Course Descriptions

ENEE302: Digital Electronics
Large signal terminal characteristics of P-N junction diodes, bipolar and MOSFET transistors. Digital electronics at transistor level: inverter, NAND, NOR AND, OR gates. CMOS and TTL logic. Combinatorial and sequential digital circuits, memory design. Circuit simulation with SPICE.

ENEE 416: Integrated Circuit Fabrication Lab
Characterization of wafers and fabrication steps. Oxide growth, lithography, dopant diffusion, and metal deposition and patterning will be discussed in the lectures and carried out in the lab in fabricating NMOS transistor circuits. The transistor characteristics will be measured and related to the fabrication parameters.

ENEE 605: Design and Fabrication of Micro-Electro-Mechanical Systems (MEMS)
The goals of this course are to explore the world of Micro-Electro-Mechanical Systems (MEMS) by understanding its design and fabrication aspects. More specifically, students learn that MEMS are sensors and actuators that are designed using different chemical detection and assays and they are constructed using a microlithographically-based manufacturing process in conjunction with both semiconductor and micromachining microfabrication technologies. Different examples of MEMS designs and fabrication technologies would be studied that are currently employed in a wide range of devices, including microaccelerometers for crash detection in vehicles, pressure sensors for implantable medical devices, arrays of miniature mirrors for projection displays, and systems for chemical detection and assay. The results of homework, case studies and course project demonstrate the benefits of MEMS devices, which include small size, low power consumption, ease of integration into arrays, potential for monolithic integration with electronics, and low cost in high volume.

ENEE 719F: Advanced Topics in Microelectronics: Fabrication and Testing of Micro-Electro-Mechanical Systems
The goals of this course are to go beyond the "design stage" in Micro-Electro-Mechanical Systems (MEMS) to provide students with a strong background in fabrication, testing and characterization of MEMS. The main focus is to understand the fundamental challenges and limitations involved in developing and testing MEMS devices and systems. Various MEMS devices will be developed based on preliminary designs from the earlier course, ENEE 605 Design and Fabrication of MEMS, using MEMS fabrication and instrumentation technologies. This is a "hands-on" course where students are likely to spend an average of ten hours per week in the cleanroom and testing labs. Students' progress will be monitored through lab reports, monthly presentations and reports.  The experimental testing and characterization results will be compared with the original models, giving a real world experience to the students.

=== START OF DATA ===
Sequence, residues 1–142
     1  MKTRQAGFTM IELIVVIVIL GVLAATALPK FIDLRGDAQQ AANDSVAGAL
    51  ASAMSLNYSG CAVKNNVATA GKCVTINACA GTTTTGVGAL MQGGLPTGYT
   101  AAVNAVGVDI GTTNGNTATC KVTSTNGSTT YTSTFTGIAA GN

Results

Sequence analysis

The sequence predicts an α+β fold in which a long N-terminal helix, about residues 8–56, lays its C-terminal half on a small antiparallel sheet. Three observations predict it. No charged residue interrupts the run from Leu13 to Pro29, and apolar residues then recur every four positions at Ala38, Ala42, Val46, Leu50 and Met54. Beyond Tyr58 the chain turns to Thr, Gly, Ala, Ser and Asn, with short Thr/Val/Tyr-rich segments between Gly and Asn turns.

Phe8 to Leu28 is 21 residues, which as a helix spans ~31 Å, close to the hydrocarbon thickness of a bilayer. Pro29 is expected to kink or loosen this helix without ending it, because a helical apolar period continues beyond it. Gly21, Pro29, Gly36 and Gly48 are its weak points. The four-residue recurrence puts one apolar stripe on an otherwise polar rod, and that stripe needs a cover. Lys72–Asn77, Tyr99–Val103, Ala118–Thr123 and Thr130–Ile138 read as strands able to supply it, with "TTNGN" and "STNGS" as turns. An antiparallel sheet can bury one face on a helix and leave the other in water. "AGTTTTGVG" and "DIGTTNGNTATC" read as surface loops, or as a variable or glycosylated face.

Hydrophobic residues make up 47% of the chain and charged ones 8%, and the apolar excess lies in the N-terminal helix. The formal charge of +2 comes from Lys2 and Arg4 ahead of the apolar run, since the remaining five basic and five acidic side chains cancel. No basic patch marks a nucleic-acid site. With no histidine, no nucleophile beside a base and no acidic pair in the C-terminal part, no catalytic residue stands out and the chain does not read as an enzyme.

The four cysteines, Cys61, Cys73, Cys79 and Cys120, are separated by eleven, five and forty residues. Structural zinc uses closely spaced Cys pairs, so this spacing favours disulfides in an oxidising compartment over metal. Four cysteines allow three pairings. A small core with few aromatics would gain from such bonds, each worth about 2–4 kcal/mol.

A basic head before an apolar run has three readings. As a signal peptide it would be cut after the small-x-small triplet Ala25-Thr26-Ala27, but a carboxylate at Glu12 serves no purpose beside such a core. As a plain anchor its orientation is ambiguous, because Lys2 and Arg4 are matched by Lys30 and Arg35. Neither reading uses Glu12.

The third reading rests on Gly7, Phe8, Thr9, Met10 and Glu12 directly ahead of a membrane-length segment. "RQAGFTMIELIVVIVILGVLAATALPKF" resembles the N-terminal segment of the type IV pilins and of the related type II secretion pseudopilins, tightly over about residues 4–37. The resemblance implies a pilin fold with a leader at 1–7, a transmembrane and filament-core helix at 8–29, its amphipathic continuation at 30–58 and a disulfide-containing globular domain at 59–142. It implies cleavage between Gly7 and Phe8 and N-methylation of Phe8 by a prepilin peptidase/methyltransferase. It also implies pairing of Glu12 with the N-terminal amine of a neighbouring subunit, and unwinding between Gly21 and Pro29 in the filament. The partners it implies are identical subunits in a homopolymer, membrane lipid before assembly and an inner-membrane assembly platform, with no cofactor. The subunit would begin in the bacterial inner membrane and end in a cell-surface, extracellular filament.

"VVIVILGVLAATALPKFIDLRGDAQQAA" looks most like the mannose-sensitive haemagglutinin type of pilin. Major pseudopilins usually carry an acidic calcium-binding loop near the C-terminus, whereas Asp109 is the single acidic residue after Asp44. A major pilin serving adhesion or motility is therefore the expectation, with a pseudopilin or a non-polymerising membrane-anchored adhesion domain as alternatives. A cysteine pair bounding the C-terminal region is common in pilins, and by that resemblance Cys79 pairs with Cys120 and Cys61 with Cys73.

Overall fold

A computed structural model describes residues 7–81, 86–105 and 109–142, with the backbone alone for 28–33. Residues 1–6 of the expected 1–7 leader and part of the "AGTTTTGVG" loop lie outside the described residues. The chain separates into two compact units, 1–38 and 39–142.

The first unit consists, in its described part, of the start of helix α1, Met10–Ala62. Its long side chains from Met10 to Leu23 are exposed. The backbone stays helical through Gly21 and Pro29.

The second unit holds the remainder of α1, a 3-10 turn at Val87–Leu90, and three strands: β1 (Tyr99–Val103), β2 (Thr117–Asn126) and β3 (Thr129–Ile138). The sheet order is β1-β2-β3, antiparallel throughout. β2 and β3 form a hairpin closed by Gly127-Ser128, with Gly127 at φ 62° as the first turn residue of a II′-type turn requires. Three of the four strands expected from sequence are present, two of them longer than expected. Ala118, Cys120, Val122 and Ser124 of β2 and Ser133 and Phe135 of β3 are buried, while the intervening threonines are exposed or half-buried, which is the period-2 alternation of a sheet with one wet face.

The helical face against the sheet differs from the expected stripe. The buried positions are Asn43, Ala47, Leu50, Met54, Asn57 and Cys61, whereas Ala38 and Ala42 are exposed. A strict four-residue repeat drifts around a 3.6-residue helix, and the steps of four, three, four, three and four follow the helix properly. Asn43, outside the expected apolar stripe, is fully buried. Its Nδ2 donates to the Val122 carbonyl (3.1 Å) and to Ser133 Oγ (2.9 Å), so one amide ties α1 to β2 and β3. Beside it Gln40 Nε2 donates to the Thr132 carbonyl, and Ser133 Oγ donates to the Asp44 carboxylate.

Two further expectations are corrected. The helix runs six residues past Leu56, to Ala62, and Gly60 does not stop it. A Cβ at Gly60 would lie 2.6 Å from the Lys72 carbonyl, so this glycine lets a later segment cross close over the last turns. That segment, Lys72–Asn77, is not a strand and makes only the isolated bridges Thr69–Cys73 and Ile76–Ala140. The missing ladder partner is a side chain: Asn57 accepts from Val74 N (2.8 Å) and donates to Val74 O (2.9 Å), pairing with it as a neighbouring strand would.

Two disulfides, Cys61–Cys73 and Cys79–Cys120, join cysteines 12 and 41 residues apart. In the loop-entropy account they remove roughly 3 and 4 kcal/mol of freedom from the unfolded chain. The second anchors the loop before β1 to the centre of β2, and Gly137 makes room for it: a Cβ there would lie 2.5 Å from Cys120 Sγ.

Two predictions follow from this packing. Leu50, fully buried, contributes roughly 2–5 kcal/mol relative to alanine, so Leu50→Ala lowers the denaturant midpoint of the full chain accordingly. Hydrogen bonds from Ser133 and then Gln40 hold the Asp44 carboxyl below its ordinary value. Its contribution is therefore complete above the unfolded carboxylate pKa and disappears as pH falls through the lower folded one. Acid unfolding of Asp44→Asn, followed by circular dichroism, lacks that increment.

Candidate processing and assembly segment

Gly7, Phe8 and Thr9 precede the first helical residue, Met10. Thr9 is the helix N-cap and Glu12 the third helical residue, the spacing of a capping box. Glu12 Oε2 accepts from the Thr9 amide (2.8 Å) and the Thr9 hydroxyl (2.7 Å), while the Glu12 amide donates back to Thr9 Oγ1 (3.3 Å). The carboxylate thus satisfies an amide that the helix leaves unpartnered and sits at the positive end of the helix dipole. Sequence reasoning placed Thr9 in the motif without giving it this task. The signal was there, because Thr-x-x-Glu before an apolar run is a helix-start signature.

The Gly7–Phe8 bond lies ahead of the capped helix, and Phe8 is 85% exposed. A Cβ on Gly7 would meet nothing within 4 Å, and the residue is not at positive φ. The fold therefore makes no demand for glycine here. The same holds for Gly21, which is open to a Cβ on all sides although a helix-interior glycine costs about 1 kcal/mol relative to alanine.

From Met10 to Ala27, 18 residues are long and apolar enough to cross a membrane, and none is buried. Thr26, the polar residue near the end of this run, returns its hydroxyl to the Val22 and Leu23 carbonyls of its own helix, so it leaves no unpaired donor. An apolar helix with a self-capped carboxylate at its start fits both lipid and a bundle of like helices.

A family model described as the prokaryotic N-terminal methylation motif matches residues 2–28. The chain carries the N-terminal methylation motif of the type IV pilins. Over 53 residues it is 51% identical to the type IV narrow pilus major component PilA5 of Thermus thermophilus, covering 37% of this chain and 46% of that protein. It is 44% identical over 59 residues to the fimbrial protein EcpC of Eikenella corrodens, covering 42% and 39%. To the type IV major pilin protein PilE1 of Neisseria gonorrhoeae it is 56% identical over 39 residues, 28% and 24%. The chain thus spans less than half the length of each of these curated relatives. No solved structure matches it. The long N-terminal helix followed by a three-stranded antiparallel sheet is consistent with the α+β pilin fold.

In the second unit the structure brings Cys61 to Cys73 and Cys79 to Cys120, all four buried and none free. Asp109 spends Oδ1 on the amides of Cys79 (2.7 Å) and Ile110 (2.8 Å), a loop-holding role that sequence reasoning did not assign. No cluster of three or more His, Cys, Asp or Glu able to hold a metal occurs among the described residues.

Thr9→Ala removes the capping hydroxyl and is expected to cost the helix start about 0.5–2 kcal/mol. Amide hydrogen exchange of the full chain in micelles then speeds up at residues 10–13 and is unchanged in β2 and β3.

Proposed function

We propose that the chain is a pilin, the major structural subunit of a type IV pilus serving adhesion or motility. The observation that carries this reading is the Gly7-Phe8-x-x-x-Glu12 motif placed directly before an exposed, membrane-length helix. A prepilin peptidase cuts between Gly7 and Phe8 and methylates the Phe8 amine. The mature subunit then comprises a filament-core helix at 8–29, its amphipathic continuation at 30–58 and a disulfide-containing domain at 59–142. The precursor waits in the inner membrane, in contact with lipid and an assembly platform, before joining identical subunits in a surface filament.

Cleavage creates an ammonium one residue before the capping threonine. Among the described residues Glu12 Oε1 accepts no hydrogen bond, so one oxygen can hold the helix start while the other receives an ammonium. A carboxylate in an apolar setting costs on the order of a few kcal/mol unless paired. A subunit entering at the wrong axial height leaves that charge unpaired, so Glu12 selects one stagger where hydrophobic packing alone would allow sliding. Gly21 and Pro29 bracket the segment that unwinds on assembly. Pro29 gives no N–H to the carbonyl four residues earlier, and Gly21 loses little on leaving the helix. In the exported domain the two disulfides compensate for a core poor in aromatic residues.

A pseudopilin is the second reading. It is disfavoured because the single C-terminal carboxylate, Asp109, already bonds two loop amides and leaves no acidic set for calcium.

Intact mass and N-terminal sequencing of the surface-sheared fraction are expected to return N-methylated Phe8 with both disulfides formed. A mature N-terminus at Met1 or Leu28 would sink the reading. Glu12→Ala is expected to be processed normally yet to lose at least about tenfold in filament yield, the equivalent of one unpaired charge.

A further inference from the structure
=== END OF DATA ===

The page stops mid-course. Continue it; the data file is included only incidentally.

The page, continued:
Valuable lessons and guidelines on mentoring have been reported and published frequently by colleagues on some of the "Best Practices for Mentors and Mentees in Academic Settings” to enhance and improve faculty, staff and student lives in higher education communities. Having lived most of my life in academia (Wisconsin, MIT and Maryland), at each stage of my own career (undergraduate and graduate student, post-doctoral associate, assistant, associate, full professor levels and then director) I learned to appreciate and recognize the significance of “mentoring.” It is in fact only through effective mentoring practices that we as educators could provide  “an early exposure” to science and engineering disciplines to those who may not have that opportunity otherwise. For example, mentoring undergraduate engineering students in our group, teaching them "how to do research" and “how to think creatively” to address some of the global health challenges that we face today in our society, has always been the most rewarding experience for me, my graduate students and post-doctoral associates.

Each year in the spring, our lab is one of the active participants at “Maryland Day” by showcasing our research projects to those young children and their parents who visit us on campus. Moreover, I have also come to appreciate how important and necessary it is for junior faculty, and even tenured faculty to be mentored by senior professors in their departments and institutes as well as their respective unit director and chair. In June 2016, in honor of celebrating the impacts of one of my own great mentors, Denice D. Denton, I organized a one-day Leadership Workshop in Madison, WI, for mid-career faculty members (women and men) in engineering and physical sciences in academia. Over 180 participants from some of the key universities and colleges across the country attended this special event, aimed at learning about some the best mentoring practices in academia from some of the most experienced senior colleagues and university administrators, while being challenged to come up with their own personal roadmap for their future career goals. Aside from many excellent outcomes and lessons that resulted from this workshop, there were several important messages that surfaced strongly throughout the day: (a) “the chain of mentoring” never ends, particularly in academia, no matter where and at what stage one is in life and (b) one should try to initiate some of those personal mentoring experiences and make an effort to sustain those special relationships throughout one’s career.

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UMD Flags, Cole Field House

Reza Ghodssi and youngster visitor in lab